JK Rowling On Getting Published
She is known worldwide as one of the greatest children’s fiction writers that ever lived. JK Rowling has managed time and time again to capture the essence of a magical world we all would love to believe exists. And why not? Anything is possible.
Famous for her bestselling Harry Potter books, JK Rowling has captured and enchanted a truly worldwide audience. The books are sold in over 200 countries and 60 languages.
We recently interviewed Mrs. Rowling on her life, her books and, of course, Harry Potter:
Urbanette Magazine: We’ve heard that with your first book, The Philosopher’s Stone, you had to use a typewriter to write the manuscript, is that true?
JK Rowling: That’s true. The first manuscript I had to do on a typewriter and then had to re-type the entire chapter if I changed a paragraph. Then I had to re-type the whole book all over again because it wasn’t double spaced.
Urbanette: I couldn’t imagine doing that. It must’ve taken a lot of time and effort to get the book just right. When did you come up with the idea for Harry Potter?
JK Rowling: In 1990, my then boyfriend and I decided to get a flat and move to Manchester together. We would flat hunt every once in awhile. One weekend after flat hunting, I took the train back to London on my own and the idea for Harry Potter fell into my head.
I had been writing since I was six, but I had never been as excited about an idea as I was for this book. Coincidentally, I didn’t have a pen and was too shy to ask anyone for one on the train, which frustrated me at the time, but when I look back at it was the best thing for me. It gave me the full four hours on the train to think up all the ideas for the book.
A scrawny, little black haired, bespectacled boy became more and more of a wizard to me. He became more real. I think if I might have slowed down on the ideas and began to write them down. I would’ve stifled some of those ideas. I began to write ‘Philosopher’s Stone’ that very evening. Although, the first couple of pages look nothing like the finished product.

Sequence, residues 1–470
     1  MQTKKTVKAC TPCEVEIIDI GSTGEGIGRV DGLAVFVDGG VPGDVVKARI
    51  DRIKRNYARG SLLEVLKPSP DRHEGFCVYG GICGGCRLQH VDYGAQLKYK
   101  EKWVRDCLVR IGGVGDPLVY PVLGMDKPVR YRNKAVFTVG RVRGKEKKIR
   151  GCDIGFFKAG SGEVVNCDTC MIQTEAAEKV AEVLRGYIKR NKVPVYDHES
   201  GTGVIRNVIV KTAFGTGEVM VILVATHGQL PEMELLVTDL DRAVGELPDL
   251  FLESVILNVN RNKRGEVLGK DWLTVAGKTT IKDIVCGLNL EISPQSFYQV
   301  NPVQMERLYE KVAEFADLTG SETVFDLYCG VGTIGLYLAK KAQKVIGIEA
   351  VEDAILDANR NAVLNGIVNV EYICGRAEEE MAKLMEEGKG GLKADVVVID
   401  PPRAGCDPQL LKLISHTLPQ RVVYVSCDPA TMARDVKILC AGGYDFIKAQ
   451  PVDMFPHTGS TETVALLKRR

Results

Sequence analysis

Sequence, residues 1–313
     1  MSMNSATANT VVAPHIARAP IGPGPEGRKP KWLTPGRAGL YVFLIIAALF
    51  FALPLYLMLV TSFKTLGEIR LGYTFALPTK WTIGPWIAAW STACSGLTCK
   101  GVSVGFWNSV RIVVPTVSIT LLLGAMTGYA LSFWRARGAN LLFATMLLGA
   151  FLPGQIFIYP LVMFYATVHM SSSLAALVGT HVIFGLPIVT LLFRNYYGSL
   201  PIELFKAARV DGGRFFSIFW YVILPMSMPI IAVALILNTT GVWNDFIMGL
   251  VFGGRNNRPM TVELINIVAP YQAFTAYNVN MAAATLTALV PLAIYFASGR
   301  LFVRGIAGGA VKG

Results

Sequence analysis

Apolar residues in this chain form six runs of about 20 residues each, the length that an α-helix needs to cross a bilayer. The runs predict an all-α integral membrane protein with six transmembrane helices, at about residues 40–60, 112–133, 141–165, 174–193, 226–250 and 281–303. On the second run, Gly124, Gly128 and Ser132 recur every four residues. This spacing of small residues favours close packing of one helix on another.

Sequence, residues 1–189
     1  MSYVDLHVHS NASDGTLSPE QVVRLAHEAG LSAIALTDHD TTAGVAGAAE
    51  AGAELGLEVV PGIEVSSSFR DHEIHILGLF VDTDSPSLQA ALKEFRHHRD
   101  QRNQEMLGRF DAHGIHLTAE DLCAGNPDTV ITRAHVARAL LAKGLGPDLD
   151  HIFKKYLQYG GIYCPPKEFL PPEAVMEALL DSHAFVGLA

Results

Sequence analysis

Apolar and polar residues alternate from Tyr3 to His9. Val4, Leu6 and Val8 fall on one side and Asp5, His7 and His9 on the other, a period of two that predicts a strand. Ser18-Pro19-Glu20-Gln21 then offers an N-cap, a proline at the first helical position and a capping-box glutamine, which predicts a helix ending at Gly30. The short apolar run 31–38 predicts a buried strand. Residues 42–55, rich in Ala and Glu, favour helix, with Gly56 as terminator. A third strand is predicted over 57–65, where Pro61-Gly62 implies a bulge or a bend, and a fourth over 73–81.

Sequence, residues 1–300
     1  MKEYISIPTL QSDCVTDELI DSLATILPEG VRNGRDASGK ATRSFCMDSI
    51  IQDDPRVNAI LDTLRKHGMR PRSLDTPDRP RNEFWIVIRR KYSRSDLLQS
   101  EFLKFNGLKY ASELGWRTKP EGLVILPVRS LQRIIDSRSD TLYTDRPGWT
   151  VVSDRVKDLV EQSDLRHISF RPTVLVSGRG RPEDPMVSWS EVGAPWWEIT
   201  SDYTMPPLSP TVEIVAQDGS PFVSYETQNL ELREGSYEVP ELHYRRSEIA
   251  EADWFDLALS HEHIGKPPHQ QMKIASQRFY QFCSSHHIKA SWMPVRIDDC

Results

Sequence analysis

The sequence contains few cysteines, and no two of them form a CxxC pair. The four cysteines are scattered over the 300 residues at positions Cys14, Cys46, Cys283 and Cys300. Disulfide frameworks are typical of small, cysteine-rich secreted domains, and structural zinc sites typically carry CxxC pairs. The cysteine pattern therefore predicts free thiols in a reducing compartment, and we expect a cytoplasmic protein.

Urbanette: How long did it take you to complete the novel?
JK Rowling: After I began to write “Philosopher’s Stone,” something horrible had happened. My mother died. She was only forty-five. Nine months afterwards, I desperately wanted to get away from everything and took a job in Portugal as an English teacher at a language institute. I took my manuscript with me in hopes of working on it while I was there. My feelings about Harry Potter’s parents’ death became more real to me, and more emotional.
In my first week in Portugal, I wrote my favorite chapter in Philosopher’s Stone – The Mirror of Erised. I had hoped that I would’ve been done with the book by the time I was back from Portugal, but I came back with something better, my daughter, Jessica. The marriage didn’t work out, but the best thing I had ever had came into my life.
Originally from Denver and now living in NYC, Angie has been writing since she was small. She lives in the Flatiron district with her partner Tanya and their mutt Sparky (always adopt!) In her spare time she loves to paint (mostly abstract) and talk to random people on the street to find out what's interesting to them.